World of Tomorrow

Global Citizen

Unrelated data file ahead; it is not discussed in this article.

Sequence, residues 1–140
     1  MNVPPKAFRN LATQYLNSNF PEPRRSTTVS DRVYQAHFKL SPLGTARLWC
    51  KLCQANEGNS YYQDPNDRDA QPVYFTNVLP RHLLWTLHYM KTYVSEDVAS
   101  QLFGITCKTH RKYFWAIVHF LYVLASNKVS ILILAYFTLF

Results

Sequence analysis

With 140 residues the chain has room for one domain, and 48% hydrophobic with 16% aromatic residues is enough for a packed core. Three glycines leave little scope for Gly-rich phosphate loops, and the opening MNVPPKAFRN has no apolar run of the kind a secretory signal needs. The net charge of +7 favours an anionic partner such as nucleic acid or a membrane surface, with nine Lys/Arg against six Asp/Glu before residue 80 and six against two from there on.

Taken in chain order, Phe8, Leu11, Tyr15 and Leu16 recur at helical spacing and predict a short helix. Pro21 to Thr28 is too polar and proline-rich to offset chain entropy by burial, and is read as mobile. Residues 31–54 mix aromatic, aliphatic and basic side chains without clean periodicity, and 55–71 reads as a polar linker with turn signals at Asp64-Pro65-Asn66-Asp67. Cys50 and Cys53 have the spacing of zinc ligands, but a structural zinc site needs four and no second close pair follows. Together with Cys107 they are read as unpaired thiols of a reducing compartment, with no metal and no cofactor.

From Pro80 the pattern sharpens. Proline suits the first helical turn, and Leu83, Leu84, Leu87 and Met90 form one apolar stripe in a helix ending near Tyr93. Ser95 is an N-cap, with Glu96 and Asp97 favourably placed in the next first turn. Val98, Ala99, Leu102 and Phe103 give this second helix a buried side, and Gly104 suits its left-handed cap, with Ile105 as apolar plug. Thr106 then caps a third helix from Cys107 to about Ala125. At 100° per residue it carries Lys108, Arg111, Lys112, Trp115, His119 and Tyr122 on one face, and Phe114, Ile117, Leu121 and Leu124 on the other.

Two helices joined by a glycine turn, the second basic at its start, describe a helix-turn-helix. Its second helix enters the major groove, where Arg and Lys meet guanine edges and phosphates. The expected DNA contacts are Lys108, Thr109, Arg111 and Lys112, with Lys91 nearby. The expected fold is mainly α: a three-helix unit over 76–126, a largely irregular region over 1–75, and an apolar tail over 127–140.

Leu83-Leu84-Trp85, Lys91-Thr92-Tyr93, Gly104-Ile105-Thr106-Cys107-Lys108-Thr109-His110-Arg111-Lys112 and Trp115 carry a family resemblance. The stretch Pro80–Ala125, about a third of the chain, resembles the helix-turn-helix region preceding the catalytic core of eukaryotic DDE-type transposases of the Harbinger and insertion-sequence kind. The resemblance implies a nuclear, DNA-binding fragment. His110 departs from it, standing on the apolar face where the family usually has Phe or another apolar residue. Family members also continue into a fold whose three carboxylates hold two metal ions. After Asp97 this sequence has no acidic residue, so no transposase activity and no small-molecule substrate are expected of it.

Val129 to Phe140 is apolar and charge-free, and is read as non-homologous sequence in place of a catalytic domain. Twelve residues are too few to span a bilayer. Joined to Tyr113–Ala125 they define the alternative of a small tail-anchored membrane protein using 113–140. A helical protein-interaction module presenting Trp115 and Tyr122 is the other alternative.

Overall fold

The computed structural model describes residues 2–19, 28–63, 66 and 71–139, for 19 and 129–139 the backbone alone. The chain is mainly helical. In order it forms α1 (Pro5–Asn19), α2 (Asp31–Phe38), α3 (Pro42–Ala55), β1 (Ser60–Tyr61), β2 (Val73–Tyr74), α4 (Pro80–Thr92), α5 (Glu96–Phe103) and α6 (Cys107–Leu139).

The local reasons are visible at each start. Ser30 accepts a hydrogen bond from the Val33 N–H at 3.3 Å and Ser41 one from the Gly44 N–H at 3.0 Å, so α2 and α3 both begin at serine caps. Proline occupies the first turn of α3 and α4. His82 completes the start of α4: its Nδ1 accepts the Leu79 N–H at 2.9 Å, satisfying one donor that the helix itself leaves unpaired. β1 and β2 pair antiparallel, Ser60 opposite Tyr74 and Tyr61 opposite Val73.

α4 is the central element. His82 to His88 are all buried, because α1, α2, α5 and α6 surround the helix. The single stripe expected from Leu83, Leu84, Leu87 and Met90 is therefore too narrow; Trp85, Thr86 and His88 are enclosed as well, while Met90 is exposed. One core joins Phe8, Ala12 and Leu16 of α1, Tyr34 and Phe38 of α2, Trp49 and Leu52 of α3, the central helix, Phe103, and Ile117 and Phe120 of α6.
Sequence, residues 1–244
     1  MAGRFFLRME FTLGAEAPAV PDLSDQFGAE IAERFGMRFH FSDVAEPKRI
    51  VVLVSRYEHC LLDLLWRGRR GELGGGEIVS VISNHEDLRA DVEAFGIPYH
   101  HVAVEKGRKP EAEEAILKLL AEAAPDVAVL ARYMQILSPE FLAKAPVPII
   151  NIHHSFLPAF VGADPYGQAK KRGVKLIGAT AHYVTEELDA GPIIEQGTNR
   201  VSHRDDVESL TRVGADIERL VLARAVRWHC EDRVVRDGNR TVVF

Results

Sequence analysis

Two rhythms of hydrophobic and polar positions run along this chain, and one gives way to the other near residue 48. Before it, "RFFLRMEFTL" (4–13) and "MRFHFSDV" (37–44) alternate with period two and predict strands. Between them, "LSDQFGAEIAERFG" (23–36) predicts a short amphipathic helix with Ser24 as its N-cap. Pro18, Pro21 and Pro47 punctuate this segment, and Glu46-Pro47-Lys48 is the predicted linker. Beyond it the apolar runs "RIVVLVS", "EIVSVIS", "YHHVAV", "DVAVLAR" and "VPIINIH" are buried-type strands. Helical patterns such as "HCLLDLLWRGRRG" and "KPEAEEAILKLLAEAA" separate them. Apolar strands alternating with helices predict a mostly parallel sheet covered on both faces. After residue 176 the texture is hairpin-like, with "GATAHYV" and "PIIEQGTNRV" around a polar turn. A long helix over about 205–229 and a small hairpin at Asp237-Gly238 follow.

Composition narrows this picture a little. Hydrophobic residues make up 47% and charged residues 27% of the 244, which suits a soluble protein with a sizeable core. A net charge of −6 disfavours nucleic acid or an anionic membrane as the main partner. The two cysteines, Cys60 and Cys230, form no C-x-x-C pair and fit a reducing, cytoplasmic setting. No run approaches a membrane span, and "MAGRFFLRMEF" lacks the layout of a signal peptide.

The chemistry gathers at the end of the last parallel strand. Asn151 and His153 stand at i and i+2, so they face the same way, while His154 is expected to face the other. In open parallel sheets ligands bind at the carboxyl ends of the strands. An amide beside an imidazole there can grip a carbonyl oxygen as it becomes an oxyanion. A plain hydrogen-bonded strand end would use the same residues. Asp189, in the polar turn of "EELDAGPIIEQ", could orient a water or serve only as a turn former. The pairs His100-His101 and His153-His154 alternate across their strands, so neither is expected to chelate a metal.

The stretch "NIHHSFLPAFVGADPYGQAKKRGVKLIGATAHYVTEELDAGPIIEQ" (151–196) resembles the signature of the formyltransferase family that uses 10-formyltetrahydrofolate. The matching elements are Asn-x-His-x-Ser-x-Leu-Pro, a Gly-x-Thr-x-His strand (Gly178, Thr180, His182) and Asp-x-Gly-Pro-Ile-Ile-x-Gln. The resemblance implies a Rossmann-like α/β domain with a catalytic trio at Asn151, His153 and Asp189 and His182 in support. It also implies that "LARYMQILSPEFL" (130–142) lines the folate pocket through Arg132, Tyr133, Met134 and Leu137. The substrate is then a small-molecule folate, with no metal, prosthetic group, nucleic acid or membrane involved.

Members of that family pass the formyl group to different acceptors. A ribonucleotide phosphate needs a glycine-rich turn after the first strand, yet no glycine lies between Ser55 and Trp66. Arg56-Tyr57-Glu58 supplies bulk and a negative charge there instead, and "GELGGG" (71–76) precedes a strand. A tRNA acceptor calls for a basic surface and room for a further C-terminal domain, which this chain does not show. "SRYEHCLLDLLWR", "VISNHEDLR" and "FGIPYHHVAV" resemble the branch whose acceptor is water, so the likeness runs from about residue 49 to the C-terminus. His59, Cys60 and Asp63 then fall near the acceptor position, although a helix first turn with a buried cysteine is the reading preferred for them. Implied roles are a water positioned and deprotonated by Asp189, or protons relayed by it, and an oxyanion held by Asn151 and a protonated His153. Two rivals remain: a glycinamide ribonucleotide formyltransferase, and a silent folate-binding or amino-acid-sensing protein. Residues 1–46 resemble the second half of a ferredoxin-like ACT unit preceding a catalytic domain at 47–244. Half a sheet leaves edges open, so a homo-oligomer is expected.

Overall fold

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It was early January 2002 when this reviewer wrote about World of Tomorrow's album III: "[this group] deserves to record a good-sounding album to fully demonstrate what their recipe can yield." Six months later, BAM! Global Citizen, the group's fourth release, is also its first studio recording. It fixes all the bugs that marred its well-intentioned but home-produced predecessors. Engineered and mixed by Ross Bonnadonna (a suitably weird man to start with), this album sees the highly original World of Tomorrow focusing on specific ideas. No extended lingering jams here; none of the 12 cuts crosses the ten-minute barrier. Instead, you are presented with sharp riffs, concentrated free funk improv, and avant-space rock, all rolled into a comprehensive running order that flows like the chapters of a great novel. Three-fifths of the bandmembers use electronics, which blurs the lines between individual contributions and makes the trip all the more fascinating. Highlights include Scott Prato's psychedelic rant in "The Soft Black Ground," the mad soloing (trombone?) in "Equal and Opposite," the hot licks in the opener "Neptune's Watery Hammer," and many more. This group is unique in its cross-stylistic approach. The prospect of free rock (i.e., atonal improv within a rock-based frame) has rarely sounded this compelling. Global Citizen marks maturity for this long-running group and comes highly recommended to fans of left-field space rock and unusual music in general.

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